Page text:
1 Corinthians 2:1-2 “When I came to you, brothers, I did not come with eloquence or superior wisdom as I proclaimed to you the testimony about God. For I resolved to know nothing while I was with you except Jesus Christ and him crucified.”
Not every good missionary is an outstanding public speaker. Paul realized it wasn’t his mastery of rhetoric and grammar and vocabulary, it wasn’t his ability to move a crowd to tears or laughter, that changed hearts. In Paul’s day expert public speakers were highly thought of, especially in Greece and Rome. For many, they were one of the chief sources of entertainment. There was no television, of course, and even a book could cost as much as a house. A gifted speaker could draw an impressive audience and wield a powerful influence over his listeners, more so than today. Paul may have worked hard at it, but he wasn’t counting on superior speaking gifts to win the Corinthians to faith.
We want our message to be interesting and our worship to engage the people. But that is as much as entertainment and winning souls have to do each other. There are those who say we live in an entertainment age, and we need to put on a good show for those who walk through our doors. We certainly want to hold the attention of those who attend our churches, but the message can also disappear under the dazzle of clowns, balloons, and juggling acts. What works for people is a message that offers the straight stuff, not our ability to spiff it up for them.
Paul mentions another thing that appealed to the Greek residents of Corinth: wisdom. The Greeks were thinkers. They thought about the meaning of life and the best way to live. They thought about the world in which they lived. They loved thinking so much that they actually looked down on those who worked hard for a living. They favored people who did nothing but sit around and think and talk.
Paul knew that in Jesus Christ he had much more to offer than all the solutions the thinkers of his day invented. The Corinthians had the Epicurean philosophers, whose motto was “eat, drink, and be merry.” So do we. This wisdom tells people that if you have problems, you can escape them in leisure, or perhaps a bottle of booze, a pipe, or syringe. These solve nothing, make problems worse, and drive practitioners further away from God and salvation.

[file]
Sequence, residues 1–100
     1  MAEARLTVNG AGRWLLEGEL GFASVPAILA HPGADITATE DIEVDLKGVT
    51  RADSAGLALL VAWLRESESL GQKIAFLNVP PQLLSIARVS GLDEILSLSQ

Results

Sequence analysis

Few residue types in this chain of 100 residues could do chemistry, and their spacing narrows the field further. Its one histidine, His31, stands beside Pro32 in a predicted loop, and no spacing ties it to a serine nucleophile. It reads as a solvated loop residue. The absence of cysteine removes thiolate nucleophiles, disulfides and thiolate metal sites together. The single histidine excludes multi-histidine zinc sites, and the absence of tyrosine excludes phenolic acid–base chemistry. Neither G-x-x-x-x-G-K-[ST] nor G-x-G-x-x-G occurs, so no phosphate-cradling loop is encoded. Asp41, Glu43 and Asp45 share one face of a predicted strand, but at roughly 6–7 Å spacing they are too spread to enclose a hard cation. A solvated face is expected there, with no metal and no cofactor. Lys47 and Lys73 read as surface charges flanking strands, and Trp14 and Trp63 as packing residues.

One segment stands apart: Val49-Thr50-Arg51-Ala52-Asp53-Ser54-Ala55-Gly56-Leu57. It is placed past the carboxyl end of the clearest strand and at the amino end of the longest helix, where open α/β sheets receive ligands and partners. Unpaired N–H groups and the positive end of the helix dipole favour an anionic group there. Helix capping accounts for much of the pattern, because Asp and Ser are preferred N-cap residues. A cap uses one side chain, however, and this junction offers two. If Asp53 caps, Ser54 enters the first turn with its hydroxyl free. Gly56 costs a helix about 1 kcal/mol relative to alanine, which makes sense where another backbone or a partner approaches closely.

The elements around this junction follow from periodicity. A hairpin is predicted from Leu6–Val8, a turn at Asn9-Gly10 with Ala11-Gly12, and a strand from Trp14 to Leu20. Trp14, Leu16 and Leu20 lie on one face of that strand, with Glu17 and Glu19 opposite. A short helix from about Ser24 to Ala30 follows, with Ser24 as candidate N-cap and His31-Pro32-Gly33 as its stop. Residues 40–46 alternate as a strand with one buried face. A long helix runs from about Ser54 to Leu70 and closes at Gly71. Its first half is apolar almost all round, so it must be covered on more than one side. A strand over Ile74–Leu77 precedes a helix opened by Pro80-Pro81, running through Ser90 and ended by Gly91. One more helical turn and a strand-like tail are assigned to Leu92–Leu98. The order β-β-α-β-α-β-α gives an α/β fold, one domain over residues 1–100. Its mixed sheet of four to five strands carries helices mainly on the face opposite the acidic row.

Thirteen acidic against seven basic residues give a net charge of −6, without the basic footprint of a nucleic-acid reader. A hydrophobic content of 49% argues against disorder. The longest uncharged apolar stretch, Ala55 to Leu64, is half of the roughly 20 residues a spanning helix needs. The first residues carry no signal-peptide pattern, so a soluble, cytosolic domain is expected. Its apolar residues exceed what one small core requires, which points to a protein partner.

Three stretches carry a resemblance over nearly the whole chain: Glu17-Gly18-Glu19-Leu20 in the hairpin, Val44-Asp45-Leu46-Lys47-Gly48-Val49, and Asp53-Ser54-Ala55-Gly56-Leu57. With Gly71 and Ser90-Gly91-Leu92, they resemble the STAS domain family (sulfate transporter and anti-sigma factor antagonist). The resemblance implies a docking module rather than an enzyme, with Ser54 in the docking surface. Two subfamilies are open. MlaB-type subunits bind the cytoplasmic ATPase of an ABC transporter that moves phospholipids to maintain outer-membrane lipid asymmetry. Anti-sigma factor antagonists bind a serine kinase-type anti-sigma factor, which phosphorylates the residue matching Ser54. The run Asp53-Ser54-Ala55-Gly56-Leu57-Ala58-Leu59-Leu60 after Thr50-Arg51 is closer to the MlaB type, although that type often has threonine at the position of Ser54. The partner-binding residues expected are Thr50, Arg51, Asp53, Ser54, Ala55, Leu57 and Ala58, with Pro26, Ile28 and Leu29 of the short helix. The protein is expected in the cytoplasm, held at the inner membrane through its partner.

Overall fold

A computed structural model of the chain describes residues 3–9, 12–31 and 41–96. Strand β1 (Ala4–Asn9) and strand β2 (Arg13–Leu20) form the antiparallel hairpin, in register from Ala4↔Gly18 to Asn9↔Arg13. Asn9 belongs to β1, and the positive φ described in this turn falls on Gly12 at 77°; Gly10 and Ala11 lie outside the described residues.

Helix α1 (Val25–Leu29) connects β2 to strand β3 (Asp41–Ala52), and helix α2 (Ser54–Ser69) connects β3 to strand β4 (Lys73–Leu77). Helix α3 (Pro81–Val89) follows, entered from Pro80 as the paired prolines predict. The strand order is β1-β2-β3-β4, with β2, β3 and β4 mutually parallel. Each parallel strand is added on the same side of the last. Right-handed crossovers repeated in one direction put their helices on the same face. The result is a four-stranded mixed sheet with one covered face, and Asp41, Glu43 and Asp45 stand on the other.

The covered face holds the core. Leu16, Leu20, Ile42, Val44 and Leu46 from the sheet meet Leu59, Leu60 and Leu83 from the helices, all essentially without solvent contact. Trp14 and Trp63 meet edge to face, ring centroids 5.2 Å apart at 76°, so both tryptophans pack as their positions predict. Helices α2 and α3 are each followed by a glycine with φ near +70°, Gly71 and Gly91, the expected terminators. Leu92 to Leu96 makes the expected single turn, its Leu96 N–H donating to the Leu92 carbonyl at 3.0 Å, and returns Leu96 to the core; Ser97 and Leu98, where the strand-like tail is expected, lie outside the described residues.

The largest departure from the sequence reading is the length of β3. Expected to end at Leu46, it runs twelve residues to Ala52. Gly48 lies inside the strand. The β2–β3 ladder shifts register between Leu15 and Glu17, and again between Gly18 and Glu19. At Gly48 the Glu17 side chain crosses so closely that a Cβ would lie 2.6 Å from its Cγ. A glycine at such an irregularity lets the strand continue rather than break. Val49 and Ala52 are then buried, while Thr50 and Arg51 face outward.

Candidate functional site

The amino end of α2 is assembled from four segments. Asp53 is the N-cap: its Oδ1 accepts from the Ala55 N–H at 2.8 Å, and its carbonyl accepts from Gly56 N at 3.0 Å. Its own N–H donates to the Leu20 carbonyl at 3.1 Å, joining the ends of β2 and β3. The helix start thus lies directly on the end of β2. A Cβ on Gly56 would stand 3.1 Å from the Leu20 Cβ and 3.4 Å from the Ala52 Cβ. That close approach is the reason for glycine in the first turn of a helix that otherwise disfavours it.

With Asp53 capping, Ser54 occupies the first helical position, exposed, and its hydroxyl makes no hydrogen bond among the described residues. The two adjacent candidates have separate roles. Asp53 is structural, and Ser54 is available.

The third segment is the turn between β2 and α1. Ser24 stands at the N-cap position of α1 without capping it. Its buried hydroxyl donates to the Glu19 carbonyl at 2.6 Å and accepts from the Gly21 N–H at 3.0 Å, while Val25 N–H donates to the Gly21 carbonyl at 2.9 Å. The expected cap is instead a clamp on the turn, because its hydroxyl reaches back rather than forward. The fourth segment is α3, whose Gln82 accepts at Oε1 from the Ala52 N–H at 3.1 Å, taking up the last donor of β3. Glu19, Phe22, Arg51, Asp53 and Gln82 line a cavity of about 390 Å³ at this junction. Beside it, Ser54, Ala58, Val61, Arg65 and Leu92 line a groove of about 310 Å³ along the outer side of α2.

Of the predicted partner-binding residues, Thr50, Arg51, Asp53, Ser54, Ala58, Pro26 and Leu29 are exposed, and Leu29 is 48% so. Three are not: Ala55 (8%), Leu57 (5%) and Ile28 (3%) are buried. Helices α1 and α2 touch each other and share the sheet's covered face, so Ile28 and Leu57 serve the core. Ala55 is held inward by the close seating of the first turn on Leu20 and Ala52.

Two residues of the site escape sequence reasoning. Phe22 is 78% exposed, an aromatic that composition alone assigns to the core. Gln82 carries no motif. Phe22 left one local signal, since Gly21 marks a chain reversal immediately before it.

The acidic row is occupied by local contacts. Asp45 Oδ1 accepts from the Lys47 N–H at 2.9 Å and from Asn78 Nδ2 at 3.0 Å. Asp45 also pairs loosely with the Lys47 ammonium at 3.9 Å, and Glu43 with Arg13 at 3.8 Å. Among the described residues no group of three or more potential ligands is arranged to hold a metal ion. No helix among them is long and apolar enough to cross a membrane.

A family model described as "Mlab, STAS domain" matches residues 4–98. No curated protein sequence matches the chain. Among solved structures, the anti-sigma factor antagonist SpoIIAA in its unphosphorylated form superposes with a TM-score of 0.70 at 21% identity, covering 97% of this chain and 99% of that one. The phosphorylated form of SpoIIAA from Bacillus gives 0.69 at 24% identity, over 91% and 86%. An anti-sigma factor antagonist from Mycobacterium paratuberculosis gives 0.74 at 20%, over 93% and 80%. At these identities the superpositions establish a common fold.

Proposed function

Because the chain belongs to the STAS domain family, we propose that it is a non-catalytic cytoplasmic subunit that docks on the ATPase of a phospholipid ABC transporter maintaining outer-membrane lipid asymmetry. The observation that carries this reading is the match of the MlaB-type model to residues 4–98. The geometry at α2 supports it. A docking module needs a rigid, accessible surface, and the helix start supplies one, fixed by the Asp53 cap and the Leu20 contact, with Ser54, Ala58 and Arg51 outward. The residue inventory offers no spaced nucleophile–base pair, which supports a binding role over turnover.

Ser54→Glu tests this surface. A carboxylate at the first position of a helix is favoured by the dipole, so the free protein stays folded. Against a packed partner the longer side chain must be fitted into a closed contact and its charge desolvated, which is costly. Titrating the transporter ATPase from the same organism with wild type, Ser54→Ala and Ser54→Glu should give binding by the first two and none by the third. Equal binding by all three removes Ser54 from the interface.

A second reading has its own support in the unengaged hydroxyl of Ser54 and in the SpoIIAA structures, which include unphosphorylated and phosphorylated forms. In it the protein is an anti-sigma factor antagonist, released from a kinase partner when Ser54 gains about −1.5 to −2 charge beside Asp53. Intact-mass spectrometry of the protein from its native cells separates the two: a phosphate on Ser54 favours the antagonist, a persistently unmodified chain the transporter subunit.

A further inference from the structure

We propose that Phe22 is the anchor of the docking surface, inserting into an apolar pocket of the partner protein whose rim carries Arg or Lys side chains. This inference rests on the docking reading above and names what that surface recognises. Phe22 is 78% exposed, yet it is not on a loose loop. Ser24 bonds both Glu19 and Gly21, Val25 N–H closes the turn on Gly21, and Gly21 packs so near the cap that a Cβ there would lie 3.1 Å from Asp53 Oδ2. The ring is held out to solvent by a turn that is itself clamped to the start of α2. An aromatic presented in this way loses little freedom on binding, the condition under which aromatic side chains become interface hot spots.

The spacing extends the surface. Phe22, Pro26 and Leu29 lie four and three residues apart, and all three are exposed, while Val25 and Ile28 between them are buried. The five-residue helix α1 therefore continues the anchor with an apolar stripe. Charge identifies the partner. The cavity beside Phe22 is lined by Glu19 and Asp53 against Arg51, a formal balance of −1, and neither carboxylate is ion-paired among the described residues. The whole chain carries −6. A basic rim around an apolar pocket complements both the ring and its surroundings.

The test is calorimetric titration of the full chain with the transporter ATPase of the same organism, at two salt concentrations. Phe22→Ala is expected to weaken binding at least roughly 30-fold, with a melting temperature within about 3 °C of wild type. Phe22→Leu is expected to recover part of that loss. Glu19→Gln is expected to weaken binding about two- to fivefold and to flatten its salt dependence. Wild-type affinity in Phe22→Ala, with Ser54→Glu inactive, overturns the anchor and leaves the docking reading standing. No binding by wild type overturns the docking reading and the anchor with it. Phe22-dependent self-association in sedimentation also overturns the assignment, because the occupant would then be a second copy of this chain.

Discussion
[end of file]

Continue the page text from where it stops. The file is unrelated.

Then there were the Stoics. Stoics were realists who believed people should accept the way things are and take responsibility for themselves. They resemble those who think science, education, or self-help books and counseling will solve all our problems. Those may be helpful. They aren’t bad. But they are not the ultimate solution.
You see, we know the difference between good and bad, right and wrong. The problem is that we still make the wrong choices anyway. The problem is sin. It doesn’t just make our lives miserable, it destroys them eternally. Paul’s solution was superior to “superior” worldly wisdom.
“For I resolved to know nothing while I was with you except Jesus Christ and him crucified.” Jesus was the answer. Knowing him is everything people need to experience God’s power in their lives. Paul’s own appearance and life were in many ways rather ordinary. He admits, “I came to you in weakness and fear, with much trembling.” When he came to Corinth he was at a low point in his ministry. He had been chased out of Philippi, Thessalonica, and Berea. They laughed him out of Athens. He suffered health problems that made him weak. Knowing Jesus Christ and him crucified didn’t REMOVE all the problems in Paul’s life.
Nor will it for us. It doesn’t mean our problems suddenly vanish. In some ways our problems may multiply. Remember Jesus words in the Sermon on the Mount? “Blessed are you when men insult you, persecute you, and falsely say all kinds of evil against you because of me.”
But knowing Jesus equips us to deal with the one great problem: our sin. You and I haven’t stopped sinning. But when we do, we have someone to whom we can go with them. When we confess them to Jesus, he carries them to the cross and disposes them there. We experience God’s power as he replaces sin and guilt with peace and joy. Knowing Jesus Christ and him crucified means knowing he has taken my place, paid for my sin with his blood, reconciled me to God, and carried me to the very doors of heaven.
Jesus Christ and him crucified is power—not the kind that gives me control over other people or all the circumstances in my life; the kind that changes my heart and my eternity. It’s all we really need to know.